VA secretary strives to boost medical personnel

Last month I wrote that there was more to come concerning the new Department of Veterans Affairs Secretary Robert A. McDonald. At a press conference at the VA medical facility in North Las Vegas this past summer, I asked him how he planned to bring in new doctors when the government pays much less than the private sector. He said he was considering a plan to help pay off student loans if medical doctor interns would sign up with the VA, but he gave no details.

A few weeks later he spoke at the national convention of the Blinded Veterans Association in Sparks and did not address the topic of student loans. But when he was finished, I approached him and asked whether we could still see the VA pay off student loans for interns, and he said the program was still in the works. He then asked his press liaison to send me information about the program, which she did.

It’s no secret to anyone following recent news about the VA that its medical care has come under fire for numerous reasons. Some of the negative publicity can be traced to the agency having been shorthanded when it comes to doctors and other medical personnel to care for the influx of U.S. veterans who have served in the Middle East, and even many who served in Vietnam and who, in advancing age, are seeking additional care.

According to the information that was sent to me, McDonald told a group of Duke University students in August that to provide timely access to medical care, “we need to build capacity by hiring more clinicians. We need the best doctors and nurses serving veterans, and that is why I will be out recruiting, leveraging the existing relationships and affiliations VA has with many at academic institutions, and talking directly to medical professionals about joining us to fulfill our exceptional mission of caring for those who ‘shall have borne the battle.’”

But talking to medical students and urging them to sign on the dotted line is one thing. Real incentive programs are needed to induce graduates to become VA medical employees.

Those incentives include:

■ Expanding the loan repayment program, as included in the recently passed Veterans Access, Choice and Accountability Act.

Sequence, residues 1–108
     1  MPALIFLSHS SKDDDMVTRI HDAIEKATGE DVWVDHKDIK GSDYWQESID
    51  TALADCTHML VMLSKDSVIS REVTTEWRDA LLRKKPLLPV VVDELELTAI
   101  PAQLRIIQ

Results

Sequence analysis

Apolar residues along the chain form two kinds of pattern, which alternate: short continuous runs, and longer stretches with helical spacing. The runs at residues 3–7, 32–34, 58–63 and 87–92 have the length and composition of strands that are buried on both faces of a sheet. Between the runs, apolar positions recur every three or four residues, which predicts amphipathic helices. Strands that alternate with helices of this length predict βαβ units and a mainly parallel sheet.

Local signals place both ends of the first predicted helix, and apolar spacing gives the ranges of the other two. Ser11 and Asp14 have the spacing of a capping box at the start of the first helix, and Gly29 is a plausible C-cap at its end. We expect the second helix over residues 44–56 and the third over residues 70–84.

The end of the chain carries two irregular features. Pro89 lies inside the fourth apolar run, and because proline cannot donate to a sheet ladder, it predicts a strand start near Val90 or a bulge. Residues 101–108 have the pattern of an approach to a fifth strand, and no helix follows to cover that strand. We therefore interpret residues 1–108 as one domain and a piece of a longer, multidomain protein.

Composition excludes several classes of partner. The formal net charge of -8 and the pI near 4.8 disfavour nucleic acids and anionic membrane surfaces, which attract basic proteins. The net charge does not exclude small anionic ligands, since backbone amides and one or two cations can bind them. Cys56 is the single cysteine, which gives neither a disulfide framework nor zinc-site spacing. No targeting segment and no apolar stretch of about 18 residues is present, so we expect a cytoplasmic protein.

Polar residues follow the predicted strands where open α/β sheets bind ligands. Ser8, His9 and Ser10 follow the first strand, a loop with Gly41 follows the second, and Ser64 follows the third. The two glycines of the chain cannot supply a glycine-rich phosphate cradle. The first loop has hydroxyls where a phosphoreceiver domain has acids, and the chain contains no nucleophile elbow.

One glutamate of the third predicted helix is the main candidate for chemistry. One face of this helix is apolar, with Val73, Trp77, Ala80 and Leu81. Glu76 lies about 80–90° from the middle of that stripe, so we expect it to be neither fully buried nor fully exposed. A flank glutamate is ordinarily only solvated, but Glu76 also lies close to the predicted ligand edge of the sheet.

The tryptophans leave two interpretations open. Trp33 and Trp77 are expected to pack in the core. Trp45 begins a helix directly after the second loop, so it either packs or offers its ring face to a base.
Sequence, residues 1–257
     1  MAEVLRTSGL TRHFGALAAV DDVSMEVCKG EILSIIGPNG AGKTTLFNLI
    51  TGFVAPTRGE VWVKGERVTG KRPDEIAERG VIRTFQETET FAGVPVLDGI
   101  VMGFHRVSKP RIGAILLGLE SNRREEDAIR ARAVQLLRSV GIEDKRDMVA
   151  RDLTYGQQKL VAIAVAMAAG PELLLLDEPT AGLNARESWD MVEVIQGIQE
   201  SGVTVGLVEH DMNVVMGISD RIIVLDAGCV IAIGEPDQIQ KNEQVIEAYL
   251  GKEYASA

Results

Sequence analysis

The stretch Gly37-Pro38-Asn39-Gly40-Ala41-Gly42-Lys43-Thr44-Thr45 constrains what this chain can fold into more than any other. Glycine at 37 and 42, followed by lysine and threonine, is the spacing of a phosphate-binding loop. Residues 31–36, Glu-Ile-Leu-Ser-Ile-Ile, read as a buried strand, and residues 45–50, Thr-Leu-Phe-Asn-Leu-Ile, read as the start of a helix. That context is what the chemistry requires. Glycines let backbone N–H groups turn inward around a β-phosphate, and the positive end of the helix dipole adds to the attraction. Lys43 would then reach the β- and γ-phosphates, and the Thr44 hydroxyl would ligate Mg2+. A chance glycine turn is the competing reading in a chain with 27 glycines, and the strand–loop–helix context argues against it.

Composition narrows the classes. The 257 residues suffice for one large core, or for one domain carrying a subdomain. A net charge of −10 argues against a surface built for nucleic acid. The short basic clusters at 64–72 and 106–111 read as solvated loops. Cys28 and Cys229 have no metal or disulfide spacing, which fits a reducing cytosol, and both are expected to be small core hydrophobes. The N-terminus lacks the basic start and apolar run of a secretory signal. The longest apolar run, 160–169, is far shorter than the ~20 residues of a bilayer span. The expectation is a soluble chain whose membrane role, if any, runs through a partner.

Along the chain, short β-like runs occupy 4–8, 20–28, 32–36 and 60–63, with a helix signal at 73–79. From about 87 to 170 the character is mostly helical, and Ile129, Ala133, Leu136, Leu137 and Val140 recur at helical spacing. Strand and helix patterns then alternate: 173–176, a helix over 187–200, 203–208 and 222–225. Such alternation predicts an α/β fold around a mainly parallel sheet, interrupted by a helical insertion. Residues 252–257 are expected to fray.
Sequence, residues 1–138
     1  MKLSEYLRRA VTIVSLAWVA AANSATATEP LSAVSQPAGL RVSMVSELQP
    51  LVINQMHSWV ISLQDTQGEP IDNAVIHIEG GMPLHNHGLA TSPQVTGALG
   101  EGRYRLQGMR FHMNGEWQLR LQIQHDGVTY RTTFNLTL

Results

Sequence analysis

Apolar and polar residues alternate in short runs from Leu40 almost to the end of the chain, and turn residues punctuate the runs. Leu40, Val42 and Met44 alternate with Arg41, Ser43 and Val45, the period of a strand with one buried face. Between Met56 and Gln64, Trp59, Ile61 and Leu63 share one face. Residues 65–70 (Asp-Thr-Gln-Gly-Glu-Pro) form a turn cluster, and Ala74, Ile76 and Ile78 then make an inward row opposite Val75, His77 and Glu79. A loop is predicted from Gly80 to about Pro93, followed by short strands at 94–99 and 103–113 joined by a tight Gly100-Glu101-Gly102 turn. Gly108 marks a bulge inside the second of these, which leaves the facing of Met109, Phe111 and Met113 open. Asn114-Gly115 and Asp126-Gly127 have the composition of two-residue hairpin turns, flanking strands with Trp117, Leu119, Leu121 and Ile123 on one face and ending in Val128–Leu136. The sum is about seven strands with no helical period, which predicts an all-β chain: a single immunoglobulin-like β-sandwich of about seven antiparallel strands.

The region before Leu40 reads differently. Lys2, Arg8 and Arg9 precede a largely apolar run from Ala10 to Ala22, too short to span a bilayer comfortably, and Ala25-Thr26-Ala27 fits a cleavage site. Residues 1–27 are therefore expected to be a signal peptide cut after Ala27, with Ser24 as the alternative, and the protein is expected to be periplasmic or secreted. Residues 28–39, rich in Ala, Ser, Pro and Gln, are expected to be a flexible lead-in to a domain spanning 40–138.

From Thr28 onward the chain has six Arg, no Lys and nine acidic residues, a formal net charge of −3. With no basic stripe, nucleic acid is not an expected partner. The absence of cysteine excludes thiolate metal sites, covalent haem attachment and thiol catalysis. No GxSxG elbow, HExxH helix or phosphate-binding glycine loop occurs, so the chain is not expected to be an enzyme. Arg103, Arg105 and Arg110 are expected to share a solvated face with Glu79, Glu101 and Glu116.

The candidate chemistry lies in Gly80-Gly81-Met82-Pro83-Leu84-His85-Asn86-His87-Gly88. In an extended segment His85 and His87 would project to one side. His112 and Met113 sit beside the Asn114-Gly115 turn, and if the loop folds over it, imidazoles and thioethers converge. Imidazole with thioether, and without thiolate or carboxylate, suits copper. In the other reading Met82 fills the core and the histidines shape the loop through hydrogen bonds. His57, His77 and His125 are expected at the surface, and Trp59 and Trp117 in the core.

■ Considering options to revise pay tables to offer more competitive salaries for VA providers in comparison to their academic and private practice colleagues.

■ Collaborating on a new nursing academic partnership focused on psychiatric and mental health care to build stronger, mutually beneficial relationships between nursing schools and VA facilities.

■ Partnering with the Department of Defense, Office of Health Affairs, Army, Navy and Air Force to improve recruitment of recently or soon-to-be discharged health care professionals.

■ Expansion of a pilot program that would bring combat medics and corpsmen to VA facilities as clinicians.

McDonald’s office pointed out that the actions are meant to build on existing recruitment tools, including the loan repayment programs and partnerships between local facilities and academic institutions. McDonald himself added, “We have the most inspiring mission and the greatest clients of any health care system in the world. That’s exactly the message I’m going to share as I speak with health care professionals and students about the value of serving at VA.”

Summer is when veterans service organizations hold their conventions, and McDonald took advantage of his being named VA secretary to take his message directly to thousands of veterans. He has generally been well-received, and his messages have been positive. Many of his plans are already being put into action.

Interim Under Secretary for Health Carolyn M. Clancy noted in the paper McDonald’s office supplied that, “To recruit and retain the highest quality medical professionals, VA needs to be competitive with other health care systems, and ultimately that is how we provide the best care to our veteran patients.”

But not everyone agrees that increasing pay schedules and paying off loans is all that is needed. Retention is a large part of the problem, statements from the American Federation of Government Employees suggest.

“VA Secretary Robert McDonald has taken a good first step toward improving veterans’ access to care by proposing to update the pay rates for physicians and dentists, who haven’t seen an increase since October 2009,” federation President J. David Cox Sr. said. “These rate increases will bring the VA closer to the salaries earned by private sector providers, enabling the VA to bolster its recruiting of top-notch providers.”

However, Cox said there are other systemic problems that must be corrected within the VA health care system. For starters, the VA suffers from alarmingly high turnover rates: More than 20 percent of doctors quit within the first two years of being hired, while nearly four in 10 quit within the first five years, Cox reported.

“While bringing on more physicians could help address some of the frustrations that our doctors experience, the VA needs to review all of the reasons for the high attrition rates and determine what more needs to be done to improve retention. Our doctors report having too little time to spend with patients, not enough support personnel, and too many layers of bureaucracy that hinder patient care.”

McDonald’s programs and other comments in his speeches indirectly address some of these topics, and pay increases (including paying off student loans) could go a long way in keeping doctors on staff.

In the meantime, if anyone reading this is interested in working for VA health care, or if they know if anyone who is, visit

Journalist and author Chuck N. Baker is an Army veteran of the Vietnam War and a recipient of the Purple Heart. He can be heard 8-9 p.m. Thursdays on “The Veterans Reporter Radio Show” on KLAV-AM (1230).

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